Is your software team thrashing as it grows? Are you hiring developers and finding that it's becoming more difficult to get code out the door? Your first one or two developers were crushing it. They were almost superhuman in their speed and productivity. About the time the third or fourth developer was hired, you probably found that shipping features became significantly more difficult. Quality and/or speed have started to slip. Everyone is dutifully talking to each other in your morning meetings, and yet there are still constant misunderstandings that cause delays.
Working as an effective team requires a different mindset and different habits than working as an individual. With a mix of technical expertise, management experience, and a teaching background, I can teach your team to self-organize, focus their collective efforts, and eliminate unspoken assumptions that cause misunderstandings and rework.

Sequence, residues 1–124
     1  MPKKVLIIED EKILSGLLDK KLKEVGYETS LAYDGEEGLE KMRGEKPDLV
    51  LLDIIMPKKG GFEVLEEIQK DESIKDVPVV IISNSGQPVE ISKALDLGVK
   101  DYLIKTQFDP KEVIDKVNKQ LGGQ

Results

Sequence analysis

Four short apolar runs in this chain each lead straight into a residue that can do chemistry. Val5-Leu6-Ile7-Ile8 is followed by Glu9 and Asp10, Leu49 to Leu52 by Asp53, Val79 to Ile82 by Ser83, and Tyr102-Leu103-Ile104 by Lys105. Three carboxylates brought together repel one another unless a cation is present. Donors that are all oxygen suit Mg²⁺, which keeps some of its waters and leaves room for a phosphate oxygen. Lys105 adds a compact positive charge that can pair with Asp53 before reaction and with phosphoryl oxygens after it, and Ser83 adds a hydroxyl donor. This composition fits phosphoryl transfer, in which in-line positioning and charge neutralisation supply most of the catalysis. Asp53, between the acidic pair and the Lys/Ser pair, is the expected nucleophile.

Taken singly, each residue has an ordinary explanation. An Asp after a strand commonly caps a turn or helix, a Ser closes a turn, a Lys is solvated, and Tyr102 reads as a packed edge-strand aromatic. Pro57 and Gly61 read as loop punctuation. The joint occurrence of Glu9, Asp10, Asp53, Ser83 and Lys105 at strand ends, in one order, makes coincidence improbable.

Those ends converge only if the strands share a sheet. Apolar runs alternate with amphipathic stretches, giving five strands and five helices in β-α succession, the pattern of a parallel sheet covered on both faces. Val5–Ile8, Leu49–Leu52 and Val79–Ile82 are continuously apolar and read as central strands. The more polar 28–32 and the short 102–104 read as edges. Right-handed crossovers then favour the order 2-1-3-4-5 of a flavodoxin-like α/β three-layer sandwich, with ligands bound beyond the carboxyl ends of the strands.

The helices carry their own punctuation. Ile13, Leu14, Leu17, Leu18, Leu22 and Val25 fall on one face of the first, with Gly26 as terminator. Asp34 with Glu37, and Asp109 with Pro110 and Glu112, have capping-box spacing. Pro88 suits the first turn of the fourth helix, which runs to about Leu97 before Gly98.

"His work is already worth the investment and will continue to pay dividends far into the future."
Our product team had reached a size where the classic early startup "hustle" (i.e. a couple people huddled around a computer writing as much code as possible) was becoming less practical and effective.
Ben has completely revamped the way that our team plans, scopes, and builds product features. Because he's done so in a way that jives so well with the way our team likes to work, the new habits and processes he's implemented have stuck.
He didn't simply take a boilerplate process and apply it. He was careful to listen to our team's specific requirements, preferences, idiosyncrasies, and appetite for change and turn that into bite-sized, custom optimizations that made the most sense for us. His work is already worth the investment and will continue to pay dividends far into the future.
When you identify a problem in your process but you don't have any ideas for how to fix it, ask yourself "Why is this happening?". Then ask "Why is that happening?" Don't stop until you get to a root cause with a concrete behavior that can be addressed at a department or organizational level.